Bill played with all of your top three '70s prog bands, as the original drummer for Yes, a default member of King Crimson, and even briefly played live with Genesis. His near-final foray into pop stardom was with U.K. in the late '70s, but most of his output has been with his own jazz-inflected bands Earthworks and Bruford, as rock proved too confining for his rhythmic and tonal creativity.
We discuss King Crimson's "One more Red Nightmare" from Red (1974), "Thistledown" from If Summer Had Its Ghosts by Bill Bruford, Eddie Gomez, and Ralph Towner (1992), and "The 16 Kingdoms of the 5 Barbarians" from Every Step a Dance, Every Word a Song by Bill Bruford/Michiel Borstlap (2004).
We also listen to "Hell's Bells" (written by Alan Gowen and Dave Stewart) and (during the intro) the title track of One of a Kind by Bruford (1979), and also during the intro you'll hear "Five Per Cent for Nothing" from Fragile (1972) by Yes.
Learn more at billbruford.com. Here's more interview with Bill and one of the performances from his initial meeting/show with Michel Borstlap that I refer to in our discussion. Here's Bill demonstrating electronic drums in 1986. And here he is in that Yes reunion (technically "Anderson Bruford Wakeman Howe") around 1990 (this is the tour where I saw him live), including a very long electronic drum solo starting about 3:30 in. Here's a later incarnation (2002) of Earthworks live, going full throttle. Here he with the band U.K., and then within about a year of that, live with his quartet Bruford (every member of which I'd like to interview). And if you doubt how difficult Bruford's composition for Yes's "Five Per Cent for Nothing" is, here's the band without him in 2014 trying to play it. Here's the trailer to that documentary about neurotic classical musicians that Bill brings up.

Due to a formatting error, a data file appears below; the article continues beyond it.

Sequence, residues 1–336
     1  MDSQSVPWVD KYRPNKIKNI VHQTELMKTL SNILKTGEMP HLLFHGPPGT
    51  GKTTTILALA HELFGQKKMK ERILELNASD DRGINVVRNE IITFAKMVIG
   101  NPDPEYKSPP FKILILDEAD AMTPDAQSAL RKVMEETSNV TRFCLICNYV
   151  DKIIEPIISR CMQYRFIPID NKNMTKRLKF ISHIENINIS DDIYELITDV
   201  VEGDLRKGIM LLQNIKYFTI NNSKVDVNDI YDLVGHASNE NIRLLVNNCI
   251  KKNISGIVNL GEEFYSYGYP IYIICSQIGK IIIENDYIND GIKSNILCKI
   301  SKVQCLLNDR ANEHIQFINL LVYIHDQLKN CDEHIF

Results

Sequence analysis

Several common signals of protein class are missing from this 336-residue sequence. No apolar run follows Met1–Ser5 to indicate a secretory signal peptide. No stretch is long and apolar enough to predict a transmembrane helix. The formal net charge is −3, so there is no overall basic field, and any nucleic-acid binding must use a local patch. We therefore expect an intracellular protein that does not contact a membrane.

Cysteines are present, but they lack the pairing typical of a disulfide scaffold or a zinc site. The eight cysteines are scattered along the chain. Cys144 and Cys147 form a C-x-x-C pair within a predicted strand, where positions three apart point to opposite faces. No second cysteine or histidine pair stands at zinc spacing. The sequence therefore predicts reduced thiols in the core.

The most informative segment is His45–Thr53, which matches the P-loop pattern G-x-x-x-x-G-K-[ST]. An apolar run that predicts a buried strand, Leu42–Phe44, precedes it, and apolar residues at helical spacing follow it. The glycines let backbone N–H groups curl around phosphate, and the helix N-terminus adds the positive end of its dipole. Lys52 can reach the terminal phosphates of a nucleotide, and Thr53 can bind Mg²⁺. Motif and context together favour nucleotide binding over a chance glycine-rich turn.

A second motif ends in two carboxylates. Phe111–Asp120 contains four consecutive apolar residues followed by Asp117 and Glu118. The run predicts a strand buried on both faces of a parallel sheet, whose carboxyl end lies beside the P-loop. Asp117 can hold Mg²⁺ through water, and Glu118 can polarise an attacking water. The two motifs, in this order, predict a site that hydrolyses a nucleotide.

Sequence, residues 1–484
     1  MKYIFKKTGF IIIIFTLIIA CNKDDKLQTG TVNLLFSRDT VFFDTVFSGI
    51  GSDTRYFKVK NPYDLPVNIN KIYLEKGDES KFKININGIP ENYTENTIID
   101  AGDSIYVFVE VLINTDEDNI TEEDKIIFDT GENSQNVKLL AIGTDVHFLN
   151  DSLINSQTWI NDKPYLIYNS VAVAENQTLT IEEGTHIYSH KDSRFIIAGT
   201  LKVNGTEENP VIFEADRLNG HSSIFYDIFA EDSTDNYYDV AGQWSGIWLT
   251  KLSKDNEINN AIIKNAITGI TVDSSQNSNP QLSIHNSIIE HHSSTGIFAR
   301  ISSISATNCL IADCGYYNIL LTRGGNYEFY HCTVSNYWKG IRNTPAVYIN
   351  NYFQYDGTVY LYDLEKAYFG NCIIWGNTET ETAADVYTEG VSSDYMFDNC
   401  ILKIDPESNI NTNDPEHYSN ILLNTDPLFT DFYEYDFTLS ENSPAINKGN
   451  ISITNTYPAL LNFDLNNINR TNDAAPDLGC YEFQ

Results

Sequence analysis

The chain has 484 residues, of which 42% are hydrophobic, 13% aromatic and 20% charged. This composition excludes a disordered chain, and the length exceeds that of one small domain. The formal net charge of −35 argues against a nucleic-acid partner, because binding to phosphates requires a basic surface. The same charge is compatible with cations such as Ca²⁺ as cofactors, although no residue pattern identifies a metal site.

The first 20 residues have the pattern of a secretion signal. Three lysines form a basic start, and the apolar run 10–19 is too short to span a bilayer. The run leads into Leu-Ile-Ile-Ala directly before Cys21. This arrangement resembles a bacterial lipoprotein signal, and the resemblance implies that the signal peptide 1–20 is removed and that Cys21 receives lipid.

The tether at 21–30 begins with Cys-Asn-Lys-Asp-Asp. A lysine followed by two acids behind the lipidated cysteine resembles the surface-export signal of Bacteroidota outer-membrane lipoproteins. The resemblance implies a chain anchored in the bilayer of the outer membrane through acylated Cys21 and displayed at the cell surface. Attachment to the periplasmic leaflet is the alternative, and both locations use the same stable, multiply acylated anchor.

If you publicly share the NEM Facebook page on your timeline by 11/20, then I'll send you a gratis copy of our behind-the-firewall PEL episode #16 on avant-garde art, covering essays from the late, great Arthur Danto, our first foray into aesthetics that eventually led to the Nakedly Examined Music podcast.